“Subtitled Dunbar’s Number and Other Evolutionary Quirks, this title presents concepts related to evolution in an engaging, reader-friendly way. Consisting of a series of short chapters originally published as essays, this makes sophisticated, complex research accessible and interesting.”—Judith Repman (AASL)


Yancey, Toni

Instant Recess: Building a Fit Nation 10 Minutes at a Time

University of California Press

“Advocating for ten minute breaks in schools, churches, stadia, offices, and other public venues, the author presents her concept for building a fit nation through narrative, poetry, and her vision of how adoption of ‘instant recess’ can change the face of the nation. Initiating her treatise through a discussion of the impact of a sedentary America, the author builds her case by describing the evolution of her idea, how to market the idea, and its impact on the waistline and the bottom line. Appropriate for physical education, health, and social studies classes.”—Jo Ann Carr (AASL)


Tye, Diane

Baking As Biography: A Life Story in Recipes

McGill-Queen’s University Press

“Part cookbook, part memoir, part social discussion on women’s issues of the time, this book discusses folklore and foodways and how everyday foods tell unintentional stories. Don’t buy it for the recipes, buy it for the commentary on how, why and what women cook for their families.”—Trish Burns (PLA)


Goodwin, Raymond

Sawdusted: Notes from a Post-Boom Mill

The University of Wisconsin Press

“This memoir of 20 months of employment in a Michigan sawmill post lumber boom 1979 is filled with humor and poignancy that demonstrates a deep understanding of the human condition. Descriptions of the mill itself and individual chapters that delineate the colorful workers at the mill—the foreman, the tattoo man, the tree lover, the stoics—provide an enduring portrait of a little recorded time and venue in history. Appropriate as supplementary reading for history, economics, and creative writing classes.”—Jo Ann Carr (AASL)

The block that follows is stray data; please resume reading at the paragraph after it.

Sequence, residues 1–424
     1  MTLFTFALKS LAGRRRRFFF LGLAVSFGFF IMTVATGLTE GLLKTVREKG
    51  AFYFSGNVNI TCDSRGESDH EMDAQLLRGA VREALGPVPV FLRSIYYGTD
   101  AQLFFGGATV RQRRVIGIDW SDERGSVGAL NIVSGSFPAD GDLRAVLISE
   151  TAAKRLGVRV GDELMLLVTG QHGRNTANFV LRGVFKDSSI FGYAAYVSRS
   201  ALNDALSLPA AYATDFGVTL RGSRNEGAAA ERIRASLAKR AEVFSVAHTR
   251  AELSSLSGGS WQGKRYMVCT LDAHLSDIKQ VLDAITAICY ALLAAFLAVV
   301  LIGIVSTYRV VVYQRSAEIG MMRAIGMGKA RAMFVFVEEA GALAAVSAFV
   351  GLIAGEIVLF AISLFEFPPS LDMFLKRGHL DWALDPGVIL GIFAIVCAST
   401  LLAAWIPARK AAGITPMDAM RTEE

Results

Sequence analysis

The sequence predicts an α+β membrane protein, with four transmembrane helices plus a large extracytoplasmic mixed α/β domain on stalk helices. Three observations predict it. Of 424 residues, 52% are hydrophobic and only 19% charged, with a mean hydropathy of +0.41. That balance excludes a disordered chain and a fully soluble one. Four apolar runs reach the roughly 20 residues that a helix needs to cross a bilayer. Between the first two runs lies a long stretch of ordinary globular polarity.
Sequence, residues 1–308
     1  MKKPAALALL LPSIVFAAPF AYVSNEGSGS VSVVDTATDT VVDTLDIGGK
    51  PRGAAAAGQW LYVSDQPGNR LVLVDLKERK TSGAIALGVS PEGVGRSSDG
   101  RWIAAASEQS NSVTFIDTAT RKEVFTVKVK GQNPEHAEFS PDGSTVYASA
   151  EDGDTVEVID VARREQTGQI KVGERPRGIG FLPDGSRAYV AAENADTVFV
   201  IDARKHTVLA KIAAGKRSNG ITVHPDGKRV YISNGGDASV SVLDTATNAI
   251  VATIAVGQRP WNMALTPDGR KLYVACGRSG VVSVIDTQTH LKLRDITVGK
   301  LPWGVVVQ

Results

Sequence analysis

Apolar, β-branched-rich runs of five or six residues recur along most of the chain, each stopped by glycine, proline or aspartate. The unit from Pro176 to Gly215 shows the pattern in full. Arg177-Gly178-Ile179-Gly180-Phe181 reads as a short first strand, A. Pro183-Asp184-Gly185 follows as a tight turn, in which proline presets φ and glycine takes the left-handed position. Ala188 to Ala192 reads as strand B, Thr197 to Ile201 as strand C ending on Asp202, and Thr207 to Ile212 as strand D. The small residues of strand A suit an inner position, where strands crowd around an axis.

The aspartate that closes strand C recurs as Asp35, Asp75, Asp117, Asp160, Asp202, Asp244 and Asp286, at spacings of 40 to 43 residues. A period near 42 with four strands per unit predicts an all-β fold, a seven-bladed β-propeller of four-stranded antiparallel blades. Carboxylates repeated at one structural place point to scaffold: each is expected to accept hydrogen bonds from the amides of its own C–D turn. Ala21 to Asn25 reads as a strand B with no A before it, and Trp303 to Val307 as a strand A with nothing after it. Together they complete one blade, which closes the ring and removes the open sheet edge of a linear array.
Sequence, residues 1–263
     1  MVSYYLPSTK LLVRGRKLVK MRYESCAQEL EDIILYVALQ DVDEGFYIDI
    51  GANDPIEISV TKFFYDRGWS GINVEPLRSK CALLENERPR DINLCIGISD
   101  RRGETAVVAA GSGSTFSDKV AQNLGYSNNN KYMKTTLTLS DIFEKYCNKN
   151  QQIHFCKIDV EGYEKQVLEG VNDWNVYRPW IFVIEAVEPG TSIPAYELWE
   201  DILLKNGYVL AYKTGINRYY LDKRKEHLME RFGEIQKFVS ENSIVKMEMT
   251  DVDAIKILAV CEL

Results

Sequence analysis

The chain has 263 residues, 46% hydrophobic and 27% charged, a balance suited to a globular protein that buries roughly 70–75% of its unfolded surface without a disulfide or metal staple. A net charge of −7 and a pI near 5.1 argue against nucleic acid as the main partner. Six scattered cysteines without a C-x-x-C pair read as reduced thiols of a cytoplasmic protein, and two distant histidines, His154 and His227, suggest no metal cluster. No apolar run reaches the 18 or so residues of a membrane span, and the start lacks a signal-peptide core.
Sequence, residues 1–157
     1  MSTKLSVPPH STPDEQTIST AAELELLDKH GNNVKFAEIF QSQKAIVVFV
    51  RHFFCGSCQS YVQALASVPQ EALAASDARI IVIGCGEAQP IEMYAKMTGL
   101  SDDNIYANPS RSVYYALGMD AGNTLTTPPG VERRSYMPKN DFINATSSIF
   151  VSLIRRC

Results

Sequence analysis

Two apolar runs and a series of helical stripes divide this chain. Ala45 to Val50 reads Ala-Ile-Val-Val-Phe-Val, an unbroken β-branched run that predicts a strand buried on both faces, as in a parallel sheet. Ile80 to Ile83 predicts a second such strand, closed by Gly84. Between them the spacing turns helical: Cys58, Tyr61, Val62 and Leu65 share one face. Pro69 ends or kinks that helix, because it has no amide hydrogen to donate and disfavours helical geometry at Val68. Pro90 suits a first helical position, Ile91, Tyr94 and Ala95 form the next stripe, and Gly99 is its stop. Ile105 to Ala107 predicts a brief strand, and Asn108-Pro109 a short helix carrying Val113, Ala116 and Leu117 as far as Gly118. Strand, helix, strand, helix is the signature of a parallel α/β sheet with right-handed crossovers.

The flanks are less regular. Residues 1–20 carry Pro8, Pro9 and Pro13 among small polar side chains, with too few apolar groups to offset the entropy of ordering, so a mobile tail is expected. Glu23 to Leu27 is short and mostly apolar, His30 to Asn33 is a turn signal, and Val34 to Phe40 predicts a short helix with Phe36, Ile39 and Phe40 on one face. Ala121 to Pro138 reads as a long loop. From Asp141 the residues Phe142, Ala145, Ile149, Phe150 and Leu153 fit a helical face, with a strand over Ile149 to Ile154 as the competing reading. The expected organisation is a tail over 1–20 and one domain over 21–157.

Barkan, Leonard

Michelangelo: A Life on Paper

Princeton University Press

“An intimate look into the great Michelangelo’s life through his own words. Readers are privileged to view Michelangelo’s own notes on his masterpieces, memos to his assistants—clearly including personal expressions of ambitions and thoughts not meant for the eyes of others. Magnificently and profusely illustrated, well researched and superbly written examination of this multi-faceted artist.”—Sharron McElmeel (AASL)


Cooper, Emmanuel

Ten Thousand Years of Pottery

University of Pennsylvania Press

“This work is a classic and comprehensive color survey of ceramic art and production from prehistory to the current time. Pottery is one of the earliest and most widespread of human activities and can be traced back to the Stone Age. The breathtaking wealth of illustrations drawn from major collections across the globe include examples of all major styles, materials and forms from all periods.”—Teri Maggio (PLA)


Reesman, Jeanne Campbell, Sara S. Hodson, and Philip Adam

Jack London, Photographer

University of Georgia Press

“Jack London remains one of the most widely read American writers but many of his readers were unaware of his memorable portraits of individuals throughout the world. Who could have imagined that his eye would be so powerful? The text and captions add significantly to the understanding of the author. These magnificent photographs have remained unpublished until now.”—Teri Maggio (PLA)